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Metro hit by slowdown as retailers cut purchases

Lack of credit facility turns firms away from German company

K Rajani Kanth  |  Hyderabad 

For Suryanarayana — a small-time retailer who runs a consumer electronic store Sindhu Electronics at Balanagar in Hyderabad — business hasn’t been good for the last couple of months. With the future looking uncertain, Suryanarayana, who registered himself with Metro Cash & Carry, has cut down his purchases from the business-to-business concept store.

"Till October, I used to buy at least 30 pieces of colour televisions and DVD players from Metro every month and sell them to customers by offering installments with six-month to eight-month durations. With my business shrinking in the last couple of months, I have cut down my purchases to 20 units per month," he said.

The example illustrates the impact wholesalers including multinational such as Metro Cash & Carry, the Indian arm of German wholesaler, Metro AG are facing.

Major hotels including the Le Meridien, Taj Residency, Royal Orchid and The Park in Bangalore source groceries, fish, milk products, canned items and other daily consumption products from Metro. Of these, Royal Orchid and Le Meridien have cut down their purchases as occupancy levels have dropped to as low as 50 per cent.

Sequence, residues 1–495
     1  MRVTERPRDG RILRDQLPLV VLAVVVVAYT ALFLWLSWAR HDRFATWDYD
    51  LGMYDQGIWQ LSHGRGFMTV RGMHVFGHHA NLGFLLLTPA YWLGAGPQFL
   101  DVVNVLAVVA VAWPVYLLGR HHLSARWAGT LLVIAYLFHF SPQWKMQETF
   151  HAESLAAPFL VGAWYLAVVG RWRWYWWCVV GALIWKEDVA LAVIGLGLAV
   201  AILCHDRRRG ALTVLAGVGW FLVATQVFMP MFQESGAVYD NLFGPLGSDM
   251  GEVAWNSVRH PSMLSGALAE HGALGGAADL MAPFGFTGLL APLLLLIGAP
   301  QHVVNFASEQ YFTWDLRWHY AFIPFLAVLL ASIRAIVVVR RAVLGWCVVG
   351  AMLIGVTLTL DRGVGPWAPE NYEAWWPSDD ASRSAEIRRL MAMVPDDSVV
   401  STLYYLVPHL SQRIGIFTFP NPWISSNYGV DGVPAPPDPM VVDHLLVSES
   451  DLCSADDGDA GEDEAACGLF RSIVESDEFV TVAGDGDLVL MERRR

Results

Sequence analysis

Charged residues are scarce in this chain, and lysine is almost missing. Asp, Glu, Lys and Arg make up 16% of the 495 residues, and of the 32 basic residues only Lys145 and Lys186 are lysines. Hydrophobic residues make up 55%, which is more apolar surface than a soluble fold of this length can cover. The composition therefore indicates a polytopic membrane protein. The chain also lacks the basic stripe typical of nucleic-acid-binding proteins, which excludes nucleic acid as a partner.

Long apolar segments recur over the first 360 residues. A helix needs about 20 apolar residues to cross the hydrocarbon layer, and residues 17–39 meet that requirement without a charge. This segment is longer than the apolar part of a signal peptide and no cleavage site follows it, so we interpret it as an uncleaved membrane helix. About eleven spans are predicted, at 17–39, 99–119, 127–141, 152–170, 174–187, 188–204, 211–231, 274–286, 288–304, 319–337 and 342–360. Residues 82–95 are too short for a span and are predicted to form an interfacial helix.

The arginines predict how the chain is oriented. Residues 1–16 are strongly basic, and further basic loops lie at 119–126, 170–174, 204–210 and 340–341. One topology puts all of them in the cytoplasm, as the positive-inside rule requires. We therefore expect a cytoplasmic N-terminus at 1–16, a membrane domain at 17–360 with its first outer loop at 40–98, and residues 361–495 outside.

"We procure groceries, canned items and perishable items from Metro. While we have increased the variety of items we are sourcing from Metro, our volumes of purchase have reduced by more than 15 per cent than earlier," said a source at Royal Orchid. Similar sentiments were echoed at the Le Meridien hotel which buys chicken, cheese and other dairy products from Metro.

Metro India officials, however, say that the slowdown hasn’t affected business in India. "Our role is to provide support to our business customers to help them navigate through the current uncertain market environment. In every challenge lies also an opportunity," a company spokesperson said.

For Metro, the core target group comprises hotels, restaurants, caterers as well as Kirana stores and other small retailers. Metro entered the Indian market in 2003. It currently operates two centres in Bangalore, one each in Hyderabad, Mumbai and Kolkata. Hotel officials say that in some cases, Metro indicated a revision in prices coinciding with the busy season of tourist arrivals, but hotels haven’t agreed.

"The bigger hotels generally get into contracts for three months to a year with Metro. Based on that we devise our room tariffs, most hotels may not be in a position to change tariffs till March 2009," said an official with a five star hotel. Unlike the big hospitality players who source niche items such as tuna, lobsters and certain variety of fish, mid-size and smaller retail players come to Metro for perishable commodities.

Smaller retailers say that they haven't been affected much by the slowdown considering there hasn't been any cut-back on purchase of essential food commodities. However, supermarkets, which stock on a variety of items, say that there has been a dip in niche food products.

"We haven't seen any change in the demand for day-to-day groceries and milk products. However, gift items like dry fruits, which see good sales during the diwali and Christmas period have certainly dropped by 10 per cent. People prefer to buy gifts in the range of Rs 150-200 instead of the earlier trend of buying in the Rs 300-350 range," Sunil, an official at NN Supermarket in Bangalore's RT Nagar.

Additional reporting with Archana M Prasanna & Mahesh Kulkarni

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First Published: Tue, December 09 2008. 00:00 IST
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